What You Need to Know About the COVID Tax Relief Act of 2020
The Consolidated Appropriations Act, 2021, H.R. 133 included funding for the government, extensions for expiring tax extenders, tax relief under the COVID-related Tax Relief Act of 2020, and many more items. Passed by both the House and Senate, it was signed into law by President Trump on December 27, 2020.
Let’s take a look at a few of the highlights related to pandemic taxpayer relief under the COVID-Related Tax Relief Act of 2020:
Economic impact payments. $600 per taxpayer ($1,200 for married taxpayers filing jointly) and an additional $600 per qualifying child (under age 17). The recovery rebate payment begins to phase out starting at $75,000 of modified adjusted gross income for single filers, $112,500 for heads of household, and $150,000 for married taxpayers filing jointly. These payments are similar to the ones many taxpayers received earlier this year under the CARES Act.
Unemployment benefits. Additional unemployment insurance in the amount of $300 has been extended for an 11-week period beginning from December 26, 2020.
Educator expenses. Clarification that Personal Protective Equipment (PPE) used for the prevention and spread of COVID-19 will be treated as a deductible expense, retroactive to March 12, 2020.
Charitable contributions – Nonitemizers. The $300 above-the-line deduction for cash contributions given to a qualified charitable organization is extended through 2021 and increases to $600 for married taxpayers filing joint returns. In 2020, the maximum amount was $300.
Charitable contributions – Itemizers. The increased contribution limit to qualified charities that was specified in the CARES Act is extended through 2021 and applies to individuals and corporations. Amounts of up to 100 percent of adjusted gross income (AGI) are allowed as deductions (same as 2020). In 2019, the limit for the deduction for cash contributions was 60% of AGI.
Earned Income. For the 2020 tax year, taxpayers may use earned income amounts from the immediately preceding tax year when figuring the Earned Income Tax Credit and the Additional Child Tax Credit.
Flexible spending arrangements. Taxpayers can rollover unused amounts from 2020 to 2021 and from 2021 to 2022 and employers may allow employees to make a contribution change mid-year in 2021.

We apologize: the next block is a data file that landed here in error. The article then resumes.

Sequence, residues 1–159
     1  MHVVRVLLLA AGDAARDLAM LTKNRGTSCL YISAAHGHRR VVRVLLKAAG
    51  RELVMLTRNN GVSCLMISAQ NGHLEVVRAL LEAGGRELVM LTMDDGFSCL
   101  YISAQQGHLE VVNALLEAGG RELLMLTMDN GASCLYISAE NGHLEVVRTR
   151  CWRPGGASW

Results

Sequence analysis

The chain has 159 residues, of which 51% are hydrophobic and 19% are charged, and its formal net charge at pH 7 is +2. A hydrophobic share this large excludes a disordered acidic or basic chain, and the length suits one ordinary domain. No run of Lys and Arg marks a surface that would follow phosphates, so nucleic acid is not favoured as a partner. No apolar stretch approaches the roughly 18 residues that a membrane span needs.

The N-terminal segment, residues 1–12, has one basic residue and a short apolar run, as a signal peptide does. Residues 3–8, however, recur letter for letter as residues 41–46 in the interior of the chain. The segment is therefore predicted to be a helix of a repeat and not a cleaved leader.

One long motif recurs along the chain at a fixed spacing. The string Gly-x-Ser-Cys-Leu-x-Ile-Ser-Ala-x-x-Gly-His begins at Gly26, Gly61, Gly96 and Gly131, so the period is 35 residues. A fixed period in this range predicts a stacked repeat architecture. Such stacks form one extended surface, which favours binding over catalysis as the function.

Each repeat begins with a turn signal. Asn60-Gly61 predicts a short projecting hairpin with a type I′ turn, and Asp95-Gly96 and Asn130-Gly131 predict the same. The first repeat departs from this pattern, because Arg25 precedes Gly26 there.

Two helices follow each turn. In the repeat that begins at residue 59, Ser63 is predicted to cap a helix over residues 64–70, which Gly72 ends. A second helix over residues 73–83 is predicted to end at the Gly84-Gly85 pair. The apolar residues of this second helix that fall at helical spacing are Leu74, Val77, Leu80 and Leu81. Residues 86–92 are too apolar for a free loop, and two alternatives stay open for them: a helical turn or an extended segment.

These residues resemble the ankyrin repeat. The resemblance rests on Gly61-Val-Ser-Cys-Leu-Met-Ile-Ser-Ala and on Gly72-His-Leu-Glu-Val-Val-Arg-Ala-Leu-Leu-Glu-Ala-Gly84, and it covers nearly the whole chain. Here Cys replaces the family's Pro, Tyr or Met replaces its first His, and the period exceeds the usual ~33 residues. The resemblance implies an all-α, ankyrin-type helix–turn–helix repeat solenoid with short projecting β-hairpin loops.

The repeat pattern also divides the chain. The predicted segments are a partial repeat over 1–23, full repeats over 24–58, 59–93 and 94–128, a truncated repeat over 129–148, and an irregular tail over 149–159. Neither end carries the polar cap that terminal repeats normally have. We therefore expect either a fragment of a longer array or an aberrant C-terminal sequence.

Money purchase pension plans. The COVID-related Tax Relief Act of 2020 also allows money purchase pension plans to be included as a qualified retirement plan, retroactive to the CARES Act. The CARES Act allowed taxpayers to make penalty-free withdrawals of up to $100,000 from certain retirement plans for coronavirus-related expenses, with the option to pay tax on that income over a three-year period or recontribute withdrawn funds.
Paycheck Protection Program (PPP) Loans. Retroactive to the effective date of the CARES Act, PPP loans that are forgiven will be treated as tax-exempt income. Gross income does not include loan forgiveness for Economic Injury Recovery Loans (EIDLs) and certain other loans or loan repayment assistance. Under the CARES Act, taxpayers receiving an EIDL were required to reduce any PPP loan forgiveness by the amount of the EIDL.
In addition, businesses with 300 or fewer employees with a gross revenue loss of 25 percent in any quarter of 2020 compared to the same quarter in 2019 are eligible for a second round of PPP loans.
Deductible expenses. Deductions are also allowed for deductible expenses (that would otherwise be deductible) paid for with the proceeds of a forgiven PPP loan. This reverses earlier IRS guidance that stated no deduction would be allowed. This tax provision applies to the second round of PPP loans as well.
Payroll tax credits. Refundable payroll tax credits for paid sick and family (Families First Coronavirus Response Act) leave are extended through March 2021. Employers are not required to provide paid leave after December 31, 2020; however, employers may still claim the credit if the employee would have qualified for paid leave if the mandate had been extended beyond December 31, 2020, and the employer provides paid leave.
Employee retention tax credits. Implemented as a refundable credit under the CARES Act, the employee retention tax credit (ERTC) is extended through June 30, 2021. The following also applies for calendar quarters beginning after December 31, 2020:
- The credit rate is increased from 50 to 70 percent of qualified wages.
- The limit on per-employee creditable wages is increased from $10,000 for the year to $10,000 for each quarter.
- The required reduction in a year-over-year decline in gross receipts on a quarterly basis is reduced from 50 to 20 percent.
- When determining the relevant wage base, the definition of a “large employer” that can only claim the credit for employees that are not working because of the COVID pandemic increases from more than 100 to more than 500 employees.
- Certain government employers are now allowed to claim the ERTC.
- Safe harbor allowing employers to use prior-quarter gross receipts to figure eligibility.
- New employers in 2020 (i.e., those not in existence in 2019) can claim the credit.
Furthermore and retroactive to the date of the CARES Act, the ERTC is expanded to allow employers who receive PPP loans to qualify for the credit with respect to wages that are not paid with forgiven PPP proceeds. It also clarifies that group health plan expenses can be considered qualified wages even if no other wages are paid to an employee.
Employee portion of payroll tax deferral. The repayment period for deferral of payroll tax is extended through December 31, 2021.